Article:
Below are releases on studies appearing in the May issue of Pediatrics, the peer-reviewed, scientific journal of the American Academy of Pediatrics (AAP).
For Release: Monday, May 3, 2010 12:01 am (ET)
VITAMIN D DEFICIENCY NOT JUST A PROBLEM FOR NORTHERNERS
While a number of studies have documented low vitamin D levels in children living in northern climates, a new study shows it is also a problem in sunny climates of the southern U.S., particularly for black adolescents. The study, “Low 25-Hydroxyvitamin D Levels in Adolescents: Race, Season, Adiposity, Physical Activity, and Fitness,” published in the June print issue of Pediatrics (published online May 3), measured plasma 25-hydroxyvitamin D levels in 559 black and white adolescents ages 14 to 18 years in Augusta, Ga. Vitamin D levels were tested in all four seasons of the year. More than half (56.4 percent) of the adolescents had vitamin D insufficiency, and 28.8 percent had vitamin D deficiency. Vitamin D levels were lowest in winter compared to other seasons of the year. Black teenagers had significantly lower vitamin D levels in every season of the year compared to white teenagers. Adolescents with a higher body mass index had lower vitamin D levels.
JUST BEING OBESE CAN ATTRACT BULLIES
Parents of obese children rate bullying as their top health concern, and obese children who are bullied experience more depression, anxiety and loneliness. To develop effective strategies to address this problem, researchers sought to confirm that the child’s weight status is actually the primary factor underlying the bullying. In the study, “Weight Status as a Predictor of Being Bullied in Third Through Sixth Grades,” published in the June print issue of Pediatrics (published online May 3), researchers studied 821 children and their weight status and reported bullying, as well as a list of other attributes that study authors hypothesized may affect a child’s risk of being bullied. They found none of these factors played a role. Obese children had higher odds of being bullied no matter their gender, race, family socioeconomic status, school demographic profile, social skills or academic achievement. The authors conclude that being obese, by itself, increases the likelihood of being a victim of bullying. Authors suggest interventions to address bullying in schools are badly needed. Also, because stigmatization of obese children remains pervasive, health care providers who are caring for obese children should consider the role that bullying may play in the child’s well-being.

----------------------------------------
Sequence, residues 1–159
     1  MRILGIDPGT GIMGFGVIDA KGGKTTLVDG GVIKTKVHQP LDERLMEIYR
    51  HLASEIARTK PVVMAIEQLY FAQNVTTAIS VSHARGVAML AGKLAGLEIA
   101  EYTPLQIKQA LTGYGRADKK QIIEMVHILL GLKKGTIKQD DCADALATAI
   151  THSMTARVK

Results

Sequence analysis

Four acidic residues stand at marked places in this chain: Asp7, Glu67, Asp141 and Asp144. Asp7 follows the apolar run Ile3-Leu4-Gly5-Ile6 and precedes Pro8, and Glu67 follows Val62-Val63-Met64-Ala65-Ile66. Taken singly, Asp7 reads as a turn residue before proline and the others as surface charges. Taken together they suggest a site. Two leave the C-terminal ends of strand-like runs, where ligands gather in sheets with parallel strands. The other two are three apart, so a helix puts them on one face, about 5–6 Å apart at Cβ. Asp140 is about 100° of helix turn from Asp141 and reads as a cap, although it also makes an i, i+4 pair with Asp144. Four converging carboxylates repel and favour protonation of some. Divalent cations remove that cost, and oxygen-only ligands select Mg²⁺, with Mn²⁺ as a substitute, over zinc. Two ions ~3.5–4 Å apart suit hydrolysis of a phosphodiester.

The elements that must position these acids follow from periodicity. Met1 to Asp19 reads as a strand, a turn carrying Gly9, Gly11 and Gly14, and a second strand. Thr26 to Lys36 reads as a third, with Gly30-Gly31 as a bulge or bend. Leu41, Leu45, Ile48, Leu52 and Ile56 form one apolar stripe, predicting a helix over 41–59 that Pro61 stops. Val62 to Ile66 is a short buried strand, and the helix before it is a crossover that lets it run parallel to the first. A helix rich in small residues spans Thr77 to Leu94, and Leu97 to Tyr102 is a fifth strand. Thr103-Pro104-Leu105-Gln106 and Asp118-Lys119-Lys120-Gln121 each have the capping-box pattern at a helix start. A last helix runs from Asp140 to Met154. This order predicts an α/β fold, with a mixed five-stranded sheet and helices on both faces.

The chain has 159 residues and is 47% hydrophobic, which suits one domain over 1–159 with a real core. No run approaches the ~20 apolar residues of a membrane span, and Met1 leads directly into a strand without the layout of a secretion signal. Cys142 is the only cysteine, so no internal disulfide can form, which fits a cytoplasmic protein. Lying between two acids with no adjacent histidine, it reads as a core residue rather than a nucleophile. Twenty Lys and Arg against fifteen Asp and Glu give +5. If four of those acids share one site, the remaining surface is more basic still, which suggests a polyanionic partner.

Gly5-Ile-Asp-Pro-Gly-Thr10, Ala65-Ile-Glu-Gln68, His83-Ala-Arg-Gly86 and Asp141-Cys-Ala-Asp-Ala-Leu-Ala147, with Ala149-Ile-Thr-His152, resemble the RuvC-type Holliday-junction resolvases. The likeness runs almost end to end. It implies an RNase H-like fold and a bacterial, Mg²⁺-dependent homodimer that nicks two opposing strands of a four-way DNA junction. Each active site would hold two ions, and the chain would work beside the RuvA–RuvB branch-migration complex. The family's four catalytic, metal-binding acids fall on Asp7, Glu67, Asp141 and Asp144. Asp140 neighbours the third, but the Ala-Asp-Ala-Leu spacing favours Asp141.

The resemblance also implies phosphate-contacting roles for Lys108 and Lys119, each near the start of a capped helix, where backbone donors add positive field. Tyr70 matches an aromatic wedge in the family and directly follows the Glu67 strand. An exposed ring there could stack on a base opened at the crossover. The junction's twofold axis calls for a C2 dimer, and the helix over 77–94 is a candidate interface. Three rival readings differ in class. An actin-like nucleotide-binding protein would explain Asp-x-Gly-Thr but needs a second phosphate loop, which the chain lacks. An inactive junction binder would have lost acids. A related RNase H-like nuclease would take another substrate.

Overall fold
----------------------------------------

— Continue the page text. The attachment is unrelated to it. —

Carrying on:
The American Academy of Pediatrics is an organization of 60,000 primary care pediatricians, pediatric medical subspecialists and pediatric surgical specialists dedicated to the health, safety and well being of infants, children, adolescents and young adults.